The Victoria Arts Council is proud to partner once again with Visual AIDS (NYC) for Day With(out) Art 2020 by presenting TRANSMISSIONS, a program of six new videos about the ongoing HIV and AIDS crisis, from artists around the world: Jorge Bordello (Mexico), Gevi Dimitrakopoulou (Greece), Las Indetectables (Chile), George Stanley Nsamba (Uganda), Lucía Egaña Rojas (Chile/Spain), and Charan Singh (India/UK).
The Victoria Arts Council wants to help keep all of our people safe & comfortable, so we are streaming the entire TRANSMISSIONS screening online (free of charge).
Program Notes: TRANSMISSIONS
Jorge Bordello, Ministry of Health
Ministry of Health employs the aesthetics of horror movies and silent film to evoke the adverse effects of pharmaceuticals on four men living with HIV in the city of Tlaxcala, Mexico.
Jorge Bordello is interested in the wrinkles between document and fiction, the family archive and the national history, the montage of the body and public life. He has a degree in International Relations from the Tecnológico de Monterrey (ITESM) and studied Library Sciences at the National Autonomous University of Mexico (UNAM). He was elected to study at the National Photo Library System and the Image Center at Mexico City, and has been a beneficiary of the Cultural Development and Co-Investment Program (FONCA 2011), Young Creators Grant (FONCA 2016), and the Municipal and Community Cultures Support Program (PACMyC 2015). His work has been a part of festivals such as ULTRAcinema, FICUNAM, The International Postporn Festival and Cinemaissí: Latinamerican Film Festival.
Gevi Dimitrakopoulou, This is Right; Zak, Life and After
This is Right: Zak, Life and After is a portrait of Zak Kostopoulos, a well-known queer AIDS activist who was publicly lynched to death in Athens in 2018. Zak’s chosen family and community highlight Zak’s activist life and the response that his murder has galvanized.
Gevi Dimitrakopoulou is a feminist visual artist and filmmaker based in Athens, Greece. Her films primarily focus on gender identity, sexuality, queerness and the political inequalities of minorities. She is a published media scholar writing and speaking on technology and culture. She holds degrees in economics, film studies, and digital media.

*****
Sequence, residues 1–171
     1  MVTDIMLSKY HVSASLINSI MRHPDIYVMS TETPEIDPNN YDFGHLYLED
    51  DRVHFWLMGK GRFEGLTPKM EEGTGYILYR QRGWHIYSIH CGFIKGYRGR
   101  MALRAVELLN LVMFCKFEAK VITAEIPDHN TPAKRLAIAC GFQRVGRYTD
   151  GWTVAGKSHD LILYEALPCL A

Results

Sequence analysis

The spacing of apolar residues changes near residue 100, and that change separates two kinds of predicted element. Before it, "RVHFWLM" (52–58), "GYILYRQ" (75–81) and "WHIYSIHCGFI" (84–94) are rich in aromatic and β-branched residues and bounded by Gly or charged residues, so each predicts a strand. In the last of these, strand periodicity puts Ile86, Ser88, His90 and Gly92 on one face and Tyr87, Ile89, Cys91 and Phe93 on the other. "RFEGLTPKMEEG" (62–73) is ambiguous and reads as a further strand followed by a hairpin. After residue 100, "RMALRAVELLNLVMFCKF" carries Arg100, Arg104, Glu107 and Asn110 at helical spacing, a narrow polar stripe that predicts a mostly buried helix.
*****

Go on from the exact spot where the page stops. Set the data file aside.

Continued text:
Las Indetectables, Me Cuido
Me Cuido (I take care of myself/I’m careful) questions the relationship between colonial paradigms of health, religious guilt, and the stigmatization of people living with HIV in the context of Chile’s capitalist and neoliberal regime.
Las Indetectables is a Chilean band led by Sofía Devenir and Noelia Shalá. With their friends and collaborators Macarena Rodríguez and Osvaldo Guzmán, they address topics such as HIV/AIDS, hate crimes, the experiences of sex workers and travesti, and the contradictions that occur when marginalized subjects stage political interventions in the street or on public transit.
Lucia Egaña Rojas, Female Disappearance Syndrome
Lucia Egaña Rojas challenges gendered representations of HIV and AIDS, investigating what Lina Meruane has termed “female disappearance syndrome”—the erasure of women living with HIV from conversations about the epidemic.
Lucía Egaña Rojas is a Chilean artist who currently lives in Barcelona. Her work problematizes the relationship between high and low culture, high-tech and low-fi, public and private space, and the relationship between the global north and south. She studied visual arts in Chile and completed a master’s degree in creative documentary and a PhD in post-pornography in Spain. She is currently teaching at the Independent Studies Program of the Museum of Contemporary Art of Barcelona while developing two research projects and producing embroidery, videos, and performances.
Charan Singh, They Called it Love, But Was it Love?
They Called it Love, But Was it Love? depicts scenes from the lives of kothis living in India. Reduced to a “risk group” by public health campaigns and misunderstood through Western notions of gender and sexuality, these protagonists have real lives and inhabit unique worlds with their own quests for fulfillment and love.
Charan Singh lives and works in New Delhi and London. Singh’s art practice is informed by HIV/AIDS work and community activism in India. He is a candidate for a practice-led PhD at the Royal College of Art, London. In 2016, he earned a Magnum/Photo London award for his portrait series “Kothis, Hijras, Giriyas and Others,” which was featured in the 2017 Photoworks Annual. He was a 2017 resident at the Fire Island Artist Residency. His latest book and exhibition (with Sunil Gupta), “Delhi: Communities of Belonging” was published by The New Press 2016 and exhibited at SepiaEye, New York in 2017. A later iteration, “Dissent and Desire” was shown at the Contemporary Art Museum Houston, 2018 and also at the Kochi-Muziris Biennale in Kochi, India in 2018–19.
George Stanley Nsamba, Finding Purpose
Finding Purpose reflects on the experience of producing a film about the lives of teens born with HIV in Uganda and the pervasive stigma that surrounded the project.
George Stanley Nsamba is a filmmaker, spoken word artist, and human rights activist. In 2013, he founded The Ghetto Film Project to mentor and train youth in socially-engaged film production. Nsamba’s films Time Irreversible (2017), The Dummy Team (2016), Silent Depression (2015), and Crafts: The Value of Life (2015) have screened throughout Africa and the United States.